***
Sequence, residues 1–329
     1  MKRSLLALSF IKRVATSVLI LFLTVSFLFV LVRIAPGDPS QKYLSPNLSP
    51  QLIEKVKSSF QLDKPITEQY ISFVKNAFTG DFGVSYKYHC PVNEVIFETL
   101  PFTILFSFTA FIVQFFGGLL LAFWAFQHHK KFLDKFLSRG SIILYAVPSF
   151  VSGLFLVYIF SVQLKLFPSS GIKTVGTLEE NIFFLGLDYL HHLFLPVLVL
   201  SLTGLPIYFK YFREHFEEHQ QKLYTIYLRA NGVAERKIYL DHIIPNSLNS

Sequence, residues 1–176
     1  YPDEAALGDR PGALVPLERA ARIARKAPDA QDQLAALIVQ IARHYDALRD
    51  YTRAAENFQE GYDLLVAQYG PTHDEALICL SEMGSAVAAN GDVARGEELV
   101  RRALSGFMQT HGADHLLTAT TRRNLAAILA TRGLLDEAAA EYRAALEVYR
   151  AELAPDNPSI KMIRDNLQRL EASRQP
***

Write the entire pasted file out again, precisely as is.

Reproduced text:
Sequence, residues 1–329
     1  MKRSLLALSF IKRVATSVLI LFLTVSFLFV LVRIAPGDPS QKYLSPNLSP
    51  QLIEKVKSSF QLDKPITEQY ISFVKNAFTG DFGVSYKYHC PVNEVIFETL
   101  PFTILFSFTA FIVQFFGGLL LAFWAFQHHK KFLDKFLSRG SIILYAVPSF
   151  VSGLFLVYIF SVQLKLFPSS GIKTVGTLEE NIFFLGLDYL HHLFLPVLVL
   201  SLTGLPIYFK YFREHFEEHQ QKLYTIYLRA NGVAERKIYL DHIIPNSLNS

Sequence, residues 1–176
     1  YPDEAALGDR PGALVPLERA ARIARKAPDA QDQLAALIVQ IARHYDALRD
    51  YTRAAENFQE GYDLLVAQYG PTHDEALICL SEMGSAVAAN GDVARGEELV
   101  RRALSGFMQT HGADHLLTAT TRRNLAAILA TRGLLDEAAA EYRAALEVYR
   151  AELAPDNPSI KMIRDNLQRL EASRQP